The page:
From the Government:
Plan to fly tourists stranded abroad home
More tourists stranded abroad because of coronavirus will be able to get back to the UK following an arrangement struck between the government and the airline industry.
The global travel situation caused by coronavirus has led to many people becoming stranded overseas. This is an unprecedented challenge with many countries closing borders and imposing travel restrictions with little warning. This has left many UK travellers struggling to get home.
Virgin, Easyjet, Jet2 and Titan Airways have today signed a memorandum of understanding negotiated by the Foreign Secretary and Transport Secretary. British Airways have also made clear that they will work in the national interest to get people home, and other airlines are expected to join. The Secretaries of State have published a joint letter to the airlines. The government is focused on getting Brits home through a twin-track approach:
- airlines recognising their responsibility for transporting their passengers with pre-booked tickets home, through offering them alternatives where routes are cancelled, allowing them to change tickets, where permissible – including between carriers – and offering them the latest information and advice as the situation changes
- where commercial routes do not exist, the government will provide up to £75 million financial support to enable special charter flights – operated by the airlines above and others – to fly to priority countries to bring back UK residents
Foreign Secretary, Dominic Raab, said:
This is a worrying time for many British citizens travelling abroad. We’ve already worked with airlines and governments to enable hundreds of thousands to return home on commercial flights, and we will keep as many of those options open as possible.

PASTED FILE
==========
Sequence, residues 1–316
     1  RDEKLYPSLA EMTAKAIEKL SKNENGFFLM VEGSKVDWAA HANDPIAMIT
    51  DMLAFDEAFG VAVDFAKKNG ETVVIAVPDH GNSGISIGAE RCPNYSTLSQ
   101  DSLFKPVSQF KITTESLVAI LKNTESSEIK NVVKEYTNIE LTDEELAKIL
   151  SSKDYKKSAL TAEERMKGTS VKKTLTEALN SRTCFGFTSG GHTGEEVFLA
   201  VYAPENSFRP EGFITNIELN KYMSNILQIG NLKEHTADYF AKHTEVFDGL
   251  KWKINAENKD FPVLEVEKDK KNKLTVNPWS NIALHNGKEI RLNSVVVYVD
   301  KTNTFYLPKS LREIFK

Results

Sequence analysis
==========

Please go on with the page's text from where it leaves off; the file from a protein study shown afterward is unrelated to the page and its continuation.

Where commercial flights are not possible, we will build on the earlier charter flights we organised back from China, Japan, Cuba, Ghana and Peru. The arrangements agreed today will provide a clearer basis to organise special charter flights where Britons find themselves stranded. Our priority will always be the most vulnerable.
Special charter flights for countries with no commercial routes will be prioritised according to the number of stranded British travellers and their vulnerability, including an assessment of the local health provision. In some places, access for flights to land and the ability to move around within the country to assemble for return flights will also be decisive factors.
British tourists stranded abroad who want to return to the UK should first check if there are commercial routes available by visiting the airline websites, FCO travel advice pages for the country they are in and local British embassy social media.
If there are no commercial options, they should visit the travel advice pages and sign up to alerts for their location and follow embassy social media and email updates. When special return flights become available, these will be advertised by the embassy and British nationals on Travel Advice Pages and Embassy social media and those who have registered for updates will be contacted via email. British nationals will be asked to register their interest through our booking agents CTM.
Where people are in real need, our consular teams will work with them to consider their options. As a last resort, the Foreign Office will offer an emergency loan.
Safer recruitment re NHS volunteers, etc
In response to coronavirus (COVID-19), the Home Office and the Disclosure and Barring Service (DBS) have put temporary arrangements in place, to provide DBS checks and fast-track emergency checks of the Adults’ and Children’s Barred Lists free-of-charge.
This will apply to healthcare and social care workers being recruited in connection with the provision of care and treatment of coronavirus in England and Wales, including some of those who have volunteered to help the NHS.
These arrangements will provide employers with the option to appoint new recruits into regulated activity with adults and/or children, as long as the individuals are not barred and appropriate measures are put in place to manage the individual until the full DBS check is received.
DBS works to support recruiters and voluntary organisations by allowing employers to make safer recruitment decisions. The whole country is coming together to overcome the COVID-19 crisis and thousands of volunteers have come forward to support the health service although the vast majority of these people will not require a DBS check.